Misty and loose-looking circumscriptions can work better for minors, for there is a need to lessen fear in schooling and rearing, in part as shown by fables. It helps to portray and ground stuff. A suggestive way of "appealing names" (appellatives) is found in the extremes in classical Hindu literature. What we have is a classical way of delineating for easy recall. And Native Americans had much identical ways of naming or additional-naming by use of significant portent. [Si; Ma; Dm; Sivn]
Hare Krishna has many other names in Indian literature, experts like Professor Tuxen informs us [see Wy]. There are many names that are used to describe feats or features of Krishna. In the Siva Purana [Si] there are over a thousand names of Shiva, and in the ancient Markandeya Purana [Ma] the Divine Mother is given a thousand different names. That part has been taken out and published as a separate book as well. [Dm]
2. Basic harmony with solid fair play comes first, not attachment to base or cramped servility.
In India a bird is cherished as a token and totem of highest status. It is a swan, a goose, a duck, writes Pargiter in a note. The apostle Paul's "In the church I would rather speak five intelligible words to instruct others than ten thousand words in a tongue." [1 Corinthians 14;19] could be implemented by heavy use of metaphors, but then there is a need for common typifications of the figurative elements. Even less suggestive expressions could assist good and solid "forewarning learning" of the sorts that lots of fables, proverbs and parables tend to bring.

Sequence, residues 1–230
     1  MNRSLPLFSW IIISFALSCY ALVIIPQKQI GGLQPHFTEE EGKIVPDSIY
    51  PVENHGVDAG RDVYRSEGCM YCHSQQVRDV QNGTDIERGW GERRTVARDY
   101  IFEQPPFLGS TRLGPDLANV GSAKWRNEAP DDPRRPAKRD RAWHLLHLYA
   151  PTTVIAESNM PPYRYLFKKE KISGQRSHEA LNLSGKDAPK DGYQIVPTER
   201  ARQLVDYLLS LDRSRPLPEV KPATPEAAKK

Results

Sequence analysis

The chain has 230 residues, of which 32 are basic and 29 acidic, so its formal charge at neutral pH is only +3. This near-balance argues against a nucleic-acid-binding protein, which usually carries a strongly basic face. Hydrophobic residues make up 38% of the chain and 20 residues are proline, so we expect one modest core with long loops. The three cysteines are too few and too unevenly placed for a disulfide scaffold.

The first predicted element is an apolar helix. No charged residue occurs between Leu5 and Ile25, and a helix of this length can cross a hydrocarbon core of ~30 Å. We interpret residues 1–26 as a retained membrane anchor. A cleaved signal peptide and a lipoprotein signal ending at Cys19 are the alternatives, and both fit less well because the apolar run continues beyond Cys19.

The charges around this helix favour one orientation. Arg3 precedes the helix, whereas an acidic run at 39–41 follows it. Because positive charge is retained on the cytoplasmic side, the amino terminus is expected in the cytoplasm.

"Jesus ... he did not say anything to them without using a parable." - Matthew 13;34-5. There is rich imagery in maiming words by Jesus - "wolves in sheep's clothing", "offspring of vipers", "sons of the Devil" and so on. Such expressions are figurative. Rich imagery can be useful, but not really so unless it is decoded well. In the same vein "A picture says more than a thousand words." (American advertising slogan) [Cf. Ap]. Many lessons arrived at through fables, are still in common use as proverbs. [Cf. Dp]
Figurative ways can be utterly economic. Looking to animals and finally arriving at being human is a theme Yogananda rallied for too. [Link]
An insignia is a distinguishing mark or sign. In India various animals have token value, and "swan" (hansa) and "greatest swan", have old roots and firm values inside Hindu classifications, Gods and goddesses have a tendency to mingle and confuse, the all-Hindu pantheon is not easy to understand. Nor are the vehicles and insignia and other tokens of respect, might or prowess.They include birds, animals and on.